All the Dirt on Living the Good Life with Kirsten Lie-Nielsen of Hostile Valley Farm

by: Sara on 12/06/2018

Thank you to everyone who entered our book giveaway contest for Kirsten Lie-Nielsen's new book So You Want to Be a Modern Homesteader? All the Dirt on Living the Good Life.

It was exciting to see all the great questions from 'wanna be, soon to be and current homesteaders'. Because of the great response we decided to choose one winner from Instagram and one from Facebook. The winning questions are answered below. Kirsten also included a response to the question,  "How do I start", because it came up so often.

Now if you didn't win, and still want a copy of the book, it is your lucky day! Receive a 40% discount on this and all other New Society titles until Friday, December 7th.. Order online at and enter the coupon code Winter18.

How do you balance the materialism of society with modern homesteading?

Rampant materialism and consumerism in modern society is a large reason to homestead, but that does not mean that homesteading provides a full escape.  While the idea of homesteading means being a self reliant as possible and making what you can for yourself, in the modern day it is still hard to balance those goals with the realities of wanting a farm just like another farmer, or feeling you need the latest kitchen gadget to do the cooking for your family.

While the book does not delve too much into this fascinating question, I do have a few opinions.  Most homesteaders and farmers find themselves too busy to be caught up in the race for the latest tech or fashion.  Even if you’re enthused about those things, there just isn’t time to check the magazines and keep up with the trends when you’re caring for animals and crops and working on your home 24/7.  

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Where you may feel the pressure to ‘keep up with the Joneses’ is in the latest animal or kitchen products, but even then, homesteading has a way of keeping you grounded.  In many rural locations around the country, your neighbors will be salt of the earth people without a lot of cash to spare - if you have neighbors at all. The nearest town is probably not the big city.  It is easy to physically drop out and remove the pressures of modern materialism on the homestead.

Do you consider it a homestead if there is no livestock?

Absolutely.  I believe that anyone striving to live as self reliantly as possible could be considered a homesteader.  A vegetable or herb garden is a huge step, and even buying from local farmers puts you closer to the source of your food.  Those with no room to grow food can still can and preserve what they buy, or reduce their grocery bill by making household products themselves.  Homesteading comes in all forms, and each one is important.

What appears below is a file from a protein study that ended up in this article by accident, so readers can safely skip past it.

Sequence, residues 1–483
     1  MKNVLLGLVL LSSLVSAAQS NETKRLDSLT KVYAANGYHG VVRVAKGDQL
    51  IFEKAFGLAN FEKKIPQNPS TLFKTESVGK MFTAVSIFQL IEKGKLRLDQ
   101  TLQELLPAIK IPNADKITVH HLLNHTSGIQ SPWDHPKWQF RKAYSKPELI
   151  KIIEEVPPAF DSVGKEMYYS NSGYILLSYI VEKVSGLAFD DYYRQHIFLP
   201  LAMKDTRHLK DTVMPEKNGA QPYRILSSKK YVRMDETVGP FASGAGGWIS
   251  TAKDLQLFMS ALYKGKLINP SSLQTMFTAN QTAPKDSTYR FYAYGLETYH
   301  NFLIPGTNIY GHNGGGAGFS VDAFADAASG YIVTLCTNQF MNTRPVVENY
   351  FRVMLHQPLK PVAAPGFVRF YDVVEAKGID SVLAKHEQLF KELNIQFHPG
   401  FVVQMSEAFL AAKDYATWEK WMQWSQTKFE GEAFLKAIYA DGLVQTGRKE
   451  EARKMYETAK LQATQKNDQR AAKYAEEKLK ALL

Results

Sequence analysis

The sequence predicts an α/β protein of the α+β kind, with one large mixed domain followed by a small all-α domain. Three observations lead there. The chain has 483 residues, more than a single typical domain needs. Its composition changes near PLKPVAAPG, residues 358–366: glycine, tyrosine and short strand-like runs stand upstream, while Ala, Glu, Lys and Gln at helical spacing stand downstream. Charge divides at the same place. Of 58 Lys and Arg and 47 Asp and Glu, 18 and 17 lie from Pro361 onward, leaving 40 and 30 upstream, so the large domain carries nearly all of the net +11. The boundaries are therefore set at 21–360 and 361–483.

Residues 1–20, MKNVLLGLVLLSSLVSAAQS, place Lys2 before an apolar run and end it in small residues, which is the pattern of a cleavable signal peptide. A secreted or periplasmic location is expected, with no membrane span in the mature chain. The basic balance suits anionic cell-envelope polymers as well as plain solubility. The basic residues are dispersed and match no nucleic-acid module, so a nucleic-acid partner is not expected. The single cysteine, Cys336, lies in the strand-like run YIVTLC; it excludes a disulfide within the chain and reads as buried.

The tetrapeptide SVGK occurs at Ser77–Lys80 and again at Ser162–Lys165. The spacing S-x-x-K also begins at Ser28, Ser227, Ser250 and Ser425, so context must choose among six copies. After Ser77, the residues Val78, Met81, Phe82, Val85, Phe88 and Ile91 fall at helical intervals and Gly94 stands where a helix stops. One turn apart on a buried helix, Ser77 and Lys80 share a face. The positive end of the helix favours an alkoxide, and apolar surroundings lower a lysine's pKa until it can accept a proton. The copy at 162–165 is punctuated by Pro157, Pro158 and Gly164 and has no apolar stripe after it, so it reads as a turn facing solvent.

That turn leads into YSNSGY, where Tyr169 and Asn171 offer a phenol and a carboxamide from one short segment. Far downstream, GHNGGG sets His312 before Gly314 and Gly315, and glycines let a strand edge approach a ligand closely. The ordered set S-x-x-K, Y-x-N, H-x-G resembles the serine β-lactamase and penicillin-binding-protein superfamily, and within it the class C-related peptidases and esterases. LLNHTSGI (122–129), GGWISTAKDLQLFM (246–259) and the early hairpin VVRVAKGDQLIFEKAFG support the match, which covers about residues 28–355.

How do I start?

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Caring for livestock is both physically and emotionally demanding

Start with a backyard tomato plant or a couple of chickens!  But if you’ve decided to really go rural, the beginning of the journey often starts with a property search.  Before you start calling up real estate agents, there’s the discussion of goals and budget. You should clearly understand your goals before jumping into a property that does not suit those goals - something too rocky or wooded for your planned crops, or something with derelict buildings you do not have time to fix.  If you’re not sure of your goals, your horizons broaden because every kind of land can accommodate some type of homestead - rocky, wooded terrain is great for goats, and derelict buildings are much less expensive if you have the know-how to fix them.

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We always have more eggs than our family can keep up with and are able to sell extras to pay for grain.

The budget conversation is a little bit more complicated.  Everyone’s budget is different and what each individual is willing to give up will be different.  Start by listing out your expenses and see what you might be willing to go without. If you can, transfer those savings directly into your homestead’s budget.  And when you start moving forward with projects, write out how much each one will cost, how long it will be before you can harvest the benefits, and how much growing or raising that animal or crop will save you on your grocery store bill.  It’s good to be realistic. Homesteading, in all honesty, has a large cost of entry, but if you are able to make those initial investments it begins to pay for itself and make you money while you are able to live a lifestyle that you have longed for.  

Favorite thing?

I began homesteading largely because of the animals.  Our livestock’s needs quickly outgrew a suburban acre and I was not ready to stop.  Even now the birth of new goats on the farm or the prospect of introducing a new animal for another exciting purpose is what keeps me eager through the long winter months.  This isn’t the case for everyone, but I do encourage everyone to find something that truly jazzes them about live on the farm, beyond the basic idea of self reliant living. It’s those things that thrill you that will keep it from becoming monotonous.

Also by Kirsten Lie-Nielsen, The Modern Homesteaders Guide to Keeping Geese

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